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    Loving, caring homes needed for desert tortoises - Desert Rat - The Premier Hunting and Fishing Blog of the Southwest!

    Loving, caring homes needed for desert tortoises

    Loving, caring homes needed for desert tortoises

    Economic crisis has led to overwhelming number of tortoises looking for homes

    The current economic crisis hasn’t only taken a toll on people, but on wildlife too. The number of relinquished desert tortoises has grown, and now the Arizona Game and Fish Department is looking for good, approved homes for these fun family pets.

    Contrary to many people’s initial assumptions, desert tortoises can be interactive pets that provide companionship without as many demands as a cat or dog. Tortoises can teach many of the same life lessons to children, including responsibility, compassion and commitment.

    “Unfortunately, as more people have been displaced from their homes during these tough times, the number of desert tortoises surrendered to our adoption program has grown,” says Cristina Jones, Arizona Game and Fish turtle biologist. “The Department and its partners are running out of room to house all of these animals, as they cannot be returned to the wild once they’ve been in captivity.”

    Those interested in adopting a tortoise will need to have an enclosed area in their yard free from potential hazards, such as a dog or pool. The enclosed area must include a burrow for the tortoise to escape Arizona’s extreme temperatures. Tortoises are only available for adoption to residents living within the species’ native range, which includes the Phoenix, Bullhead City, Kingman, Lake Havasu, Tucson, and Yuma areas. Desert tortoises cannot survive the severe winters that occur in the northeastern and southeastern regions of the state.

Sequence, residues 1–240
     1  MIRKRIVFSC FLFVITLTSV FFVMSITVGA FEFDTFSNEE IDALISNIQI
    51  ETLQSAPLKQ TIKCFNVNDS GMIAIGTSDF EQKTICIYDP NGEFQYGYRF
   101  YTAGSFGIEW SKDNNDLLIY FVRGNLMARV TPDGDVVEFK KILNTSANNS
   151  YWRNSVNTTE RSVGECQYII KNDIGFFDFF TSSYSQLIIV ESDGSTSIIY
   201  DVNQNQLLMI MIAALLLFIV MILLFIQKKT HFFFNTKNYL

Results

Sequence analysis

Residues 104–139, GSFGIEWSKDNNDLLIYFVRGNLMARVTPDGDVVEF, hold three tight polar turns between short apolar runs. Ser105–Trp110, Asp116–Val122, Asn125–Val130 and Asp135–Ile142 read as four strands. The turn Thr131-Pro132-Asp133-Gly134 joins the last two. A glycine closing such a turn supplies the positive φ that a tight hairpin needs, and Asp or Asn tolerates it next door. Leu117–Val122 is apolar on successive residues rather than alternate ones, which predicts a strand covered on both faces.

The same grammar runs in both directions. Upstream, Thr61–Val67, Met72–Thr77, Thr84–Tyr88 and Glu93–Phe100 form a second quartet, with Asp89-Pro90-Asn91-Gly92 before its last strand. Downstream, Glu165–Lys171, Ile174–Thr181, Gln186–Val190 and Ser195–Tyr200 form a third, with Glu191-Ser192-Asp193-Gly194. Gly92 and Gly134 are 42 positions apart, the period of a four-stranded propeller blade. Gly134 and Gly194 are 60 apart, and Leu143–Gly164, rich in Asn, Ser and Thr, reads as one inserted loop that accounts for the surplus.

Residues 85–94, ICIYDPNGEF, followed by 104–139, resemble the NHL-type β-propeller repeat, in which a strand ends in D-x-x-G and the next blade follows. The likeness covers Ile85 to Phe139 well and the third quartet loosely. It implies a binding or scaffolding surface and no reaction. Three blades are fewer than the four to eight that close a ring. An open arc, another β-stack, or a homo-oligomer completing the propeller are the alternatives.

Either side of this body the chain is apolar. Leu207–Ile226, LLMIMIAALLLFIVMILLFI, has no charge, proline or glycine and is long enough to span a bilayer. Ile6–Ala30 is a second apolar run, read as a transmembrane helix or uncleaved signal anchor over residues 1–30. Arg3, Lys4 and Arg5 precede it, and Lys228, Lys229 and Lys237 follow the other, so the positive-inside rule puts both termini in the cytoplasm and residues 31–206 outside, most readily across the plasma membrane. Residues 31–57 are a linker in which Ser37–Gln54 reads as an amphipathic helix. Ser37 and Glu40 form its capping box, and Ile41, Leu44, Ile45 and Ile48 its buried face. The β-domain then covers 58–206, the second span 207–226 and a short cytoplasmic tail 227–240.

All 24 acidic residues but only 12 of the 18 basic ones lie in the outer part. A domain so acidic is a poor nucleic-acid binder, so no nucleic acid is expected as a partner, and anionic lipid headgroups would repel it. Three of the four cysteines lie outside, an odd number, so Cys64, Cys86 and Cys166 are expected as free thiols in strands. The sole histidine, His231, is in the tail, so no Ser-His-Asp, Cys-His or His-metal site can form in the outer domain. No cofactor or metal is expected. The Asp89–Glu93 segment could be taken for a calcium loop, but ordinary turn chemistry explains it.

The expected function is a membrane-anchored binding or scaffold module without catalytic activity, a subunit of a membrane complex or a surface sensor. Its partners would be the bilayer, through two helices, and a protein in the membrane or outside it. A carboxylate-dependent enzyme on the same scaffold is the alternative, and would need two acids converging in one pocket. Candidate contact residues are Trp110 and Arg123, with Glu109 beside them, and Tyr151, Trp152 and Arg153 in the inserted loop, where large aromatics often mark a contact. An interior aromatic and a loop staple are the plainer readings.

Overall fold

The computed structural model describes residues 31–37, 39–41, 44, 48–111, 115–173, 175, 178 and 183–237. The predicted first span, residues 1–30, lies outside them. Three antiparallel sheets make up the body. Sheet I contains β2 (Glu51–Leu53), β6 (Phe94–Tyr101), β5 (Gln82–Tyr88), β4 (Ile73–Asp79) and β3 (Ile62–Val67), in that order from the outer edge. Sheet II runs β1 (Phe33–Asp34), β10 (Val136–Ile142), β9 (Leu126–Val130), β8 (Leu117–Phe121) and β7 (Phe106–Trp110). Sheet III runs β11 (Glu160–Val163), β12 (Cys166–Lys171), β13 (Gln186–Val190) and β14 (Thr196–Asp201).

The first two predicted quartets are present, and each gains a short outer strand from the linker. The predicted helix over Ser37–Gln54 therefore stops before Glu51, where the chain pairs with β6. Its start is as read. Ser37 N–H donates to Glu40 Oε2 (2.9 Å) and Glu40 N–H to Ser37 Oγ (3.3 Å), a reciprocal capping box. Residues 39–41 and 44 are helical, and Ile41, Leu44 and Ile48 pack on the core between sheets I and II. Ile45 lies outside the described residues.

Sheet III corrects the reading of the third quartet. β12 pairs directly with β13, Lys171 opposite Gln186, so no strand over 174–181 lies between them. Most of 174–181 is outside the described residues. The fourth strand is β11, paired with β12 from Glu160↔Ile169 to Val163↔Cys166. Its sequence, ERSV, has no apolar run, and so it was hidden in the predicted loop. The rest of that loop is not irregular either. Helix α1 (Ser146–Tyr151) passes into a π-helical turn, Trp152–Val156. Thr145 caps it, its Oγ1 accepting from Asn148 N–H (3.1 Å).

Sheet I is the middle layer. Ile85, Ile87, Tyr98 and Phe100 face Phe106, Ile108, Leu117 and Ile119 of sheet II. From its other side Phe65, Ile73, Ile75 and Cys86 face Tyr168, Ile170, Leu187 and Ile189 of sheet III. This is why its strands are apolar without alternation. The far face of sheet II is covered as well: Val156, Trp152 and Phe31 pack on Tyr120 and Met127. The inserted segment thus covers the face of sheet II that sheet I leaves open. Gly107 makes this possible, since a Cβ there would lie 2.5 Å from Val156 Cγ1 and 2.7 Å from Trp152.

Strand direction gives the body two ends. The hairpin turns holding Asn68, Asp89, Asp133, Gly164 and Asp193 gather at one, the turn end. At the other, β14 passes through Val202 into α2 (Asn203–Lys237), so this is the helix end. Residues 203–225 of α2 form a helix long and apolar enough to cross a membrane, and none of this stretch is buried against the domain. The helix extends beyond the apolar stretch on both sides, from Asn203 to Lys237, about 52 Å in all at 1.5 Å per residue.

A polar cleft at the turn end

A desert tortoise adoption packet, which includes the adoption application, can be downloaded at www.azgfd.gov/tortoise. This Web site also offers information on feeding, care, and creating a habitat for a tortoise, as well as frequently asked questions.

    Because there are more tortoises than qualified homes to adopt them, breeding captive tortoises is discouraged. There is a limit of one tortoise per household.

    Tortoises are marked with identification and pass a health check before being available for adoption. State law prohibits taking these creatures from the wild. Federal law bans the transport of them across state lines.

    Desert tortoises are native to the southwestern desert and can live up to 100 years. They grow to be about 15 pounds and hibernate in the winter months. Desert tortoises eat plant material, including grasses and wildflowers.

    Captive desert tortoises cannot be released back into the wild as they can pass an upper respiratory disease to wild tortoise populations. It is also illegal and harmful to desert tortoise populations to collect tortoises from the wild.

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